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Edward Partridge

From Wikipedia, the free encyclopedia

Edward Partridge
Edward Partridge Sr.gif
Bishop of the Church
February 4, 1831 (1831-02-04) – May 27, 1840 (1840-05-27)
Called byJoseph Smith
Personal details
Born(1793-08-27)August 27, 1793
Pittsfield, Massachusetts, United States
DiedMay 27, 1840(1840-05-27) (aged 46)
Nauvoo, Illinois, United States
Resting placeOld Nauvoo Burial Grounds
40°32′13″N 91°21′03″W / 40.5369°N 91.3507°W / 40.5369; -91.3507 (Old Nauvoo Burial Grounds)

Edward Partridge Sr. (August 27, 1793 – May 27, 1840) was one of the earliest converts to the Latter Day Saint movement and served as its first Bishop of the Church.


Edward Partridge was the grandson of Massachusetts Congressman Oliver Partridge, Esq., and a member of a family noted for commercial, social, political, and military leadership in Western Massachusetts.

Partridge owned a hat-making factory and retail store in Painesville, Ohio. He was sent to New York in 1830 by a group of Painesville citizens to investigate the Church of Jesus Christ of Latter-Day Saints. He was baptized a member of the Church of Christ, later renamed The Church of Jesus Christ of Latter-day Saints,[1][2] in or near Seneca Lake, New York, on December 11, 1830, and upon his return to Painesville discovered that his wife had also become a convert.[3]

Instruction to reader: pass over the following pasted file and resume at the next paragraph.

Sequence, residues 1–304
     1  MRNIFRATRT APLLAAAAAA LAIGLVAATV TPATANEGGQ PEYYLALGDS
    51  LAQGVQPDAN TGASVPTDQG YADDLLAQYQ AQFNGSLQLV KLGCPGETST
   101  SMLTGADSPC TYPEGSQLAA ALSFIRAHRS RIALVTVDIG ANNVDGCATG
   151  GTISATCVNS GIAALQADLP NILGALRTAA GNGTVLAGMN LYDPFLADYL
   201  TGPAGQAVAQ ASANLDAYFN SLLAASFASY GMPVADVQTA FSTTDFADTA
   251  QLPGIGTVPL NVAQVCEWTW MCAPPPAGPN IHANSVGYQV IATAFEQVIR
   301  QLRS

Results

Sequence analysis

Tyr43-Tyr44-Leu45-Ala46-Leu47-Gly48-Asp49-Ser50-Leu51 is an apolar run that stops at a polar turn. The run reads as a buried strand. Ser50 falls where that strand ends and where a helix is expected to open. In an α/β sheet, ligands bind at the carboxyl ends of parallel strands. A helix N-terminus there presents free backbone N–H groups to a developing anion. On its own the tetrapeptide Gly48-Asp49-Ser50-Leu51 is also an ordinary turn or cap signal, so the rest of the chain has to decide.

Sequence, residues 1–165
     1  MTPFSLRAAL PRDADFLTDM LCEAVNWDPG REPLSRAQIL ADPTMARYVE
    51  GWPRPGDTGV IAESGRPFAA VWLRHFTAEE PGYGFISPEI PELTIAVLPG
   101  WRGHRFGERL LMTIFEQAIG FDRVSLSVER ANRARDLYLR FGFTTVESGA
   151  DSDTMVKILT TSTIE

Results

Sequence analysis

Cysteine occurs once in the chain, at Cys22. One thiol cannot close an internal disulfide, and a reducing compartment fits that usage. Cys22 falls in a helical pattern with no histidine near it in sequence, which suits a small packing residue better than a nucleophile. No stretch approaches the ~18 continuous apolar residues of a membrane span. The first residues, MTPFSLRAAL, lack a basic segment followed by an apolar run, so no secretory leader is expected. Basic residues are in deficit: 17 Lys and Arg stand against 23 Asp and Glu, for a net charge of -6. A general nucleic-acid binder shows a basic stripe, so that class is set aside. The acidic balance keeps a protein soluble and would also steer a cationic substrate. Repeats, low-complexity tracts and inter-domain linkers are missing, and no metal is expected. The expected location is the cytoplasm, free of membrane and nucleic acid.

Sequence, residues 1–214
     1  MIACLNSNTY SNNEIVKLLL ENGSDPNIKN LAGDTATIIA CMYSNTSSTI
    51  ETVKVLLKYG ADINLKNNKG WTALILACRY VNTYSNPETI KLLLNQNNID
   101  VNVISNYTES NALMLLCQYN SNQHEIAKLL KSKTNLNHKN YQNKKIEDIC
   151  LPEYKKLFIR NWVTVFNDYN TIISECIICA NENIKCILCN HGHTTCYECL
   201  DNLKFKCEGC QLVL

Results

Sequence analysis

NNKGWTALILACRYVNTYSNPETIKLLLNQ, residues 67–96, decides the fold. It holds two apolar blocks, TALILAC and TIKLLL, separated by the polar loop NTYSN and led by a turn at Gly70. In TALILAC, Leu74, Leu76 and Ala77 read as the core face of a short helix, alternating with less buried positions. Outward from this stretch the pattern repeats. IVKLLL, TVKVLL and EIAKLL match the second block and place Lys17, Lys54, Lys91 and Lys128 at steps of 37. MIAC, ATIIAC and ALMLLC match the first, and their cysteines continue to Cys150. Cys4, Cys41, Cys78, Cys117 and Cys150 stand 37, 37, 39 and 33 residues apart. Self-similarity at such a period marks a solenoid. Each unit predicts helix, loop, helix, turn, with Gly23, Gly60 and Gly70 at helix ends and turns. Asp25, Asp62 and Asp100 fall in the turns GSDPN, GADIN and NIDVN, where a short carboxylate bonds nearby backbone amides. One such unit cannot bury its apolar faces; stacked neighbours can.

Church service

Two months later in Kirtland, Ohio, Partridge became the first to hold the prominent position of bishop. In this position he helped lead the Mormon settlement in Jackson County, Missouri, and managed land distribution under the law of consecration. He was tarred and feathered by an anti-Mormon mob in July 1833, then forced to move to Clay County, Missouri, followed by Caldwell County in 1836. During 1835, he served a mission in Illinois, Iowa, Ohio, and Indiana, then entered into another mission in New York and New England. Following the 1838 Mormon War, Partridge was jailed in Richmond, Missouri; in 1839, he was expelled from the state.[4]

July 2010 photo shows marker for Edward Partridge home/church/school with Community of Christ Temple in background, Independence, Missouri. The intersection of Lexington and Union Streets is north across the street from the marker.
July 2010 photo shows marker for Edward Partridge home/church/school with Community of Christ Temple in background, Independence, Missouri. The intersection of Lexington and Union Streets is north across the street from the marker.
Closeup of marker describing location of Edward Partridge home/church/school on Temple Lot property 1831-1833. The building was destroyed by arson on November 5, 1833.
Closeup of marker describing location of Edward Partridge home/church/school on Temple Lot property 1831-1833. The building was destroyed by arson on November 5, 1833.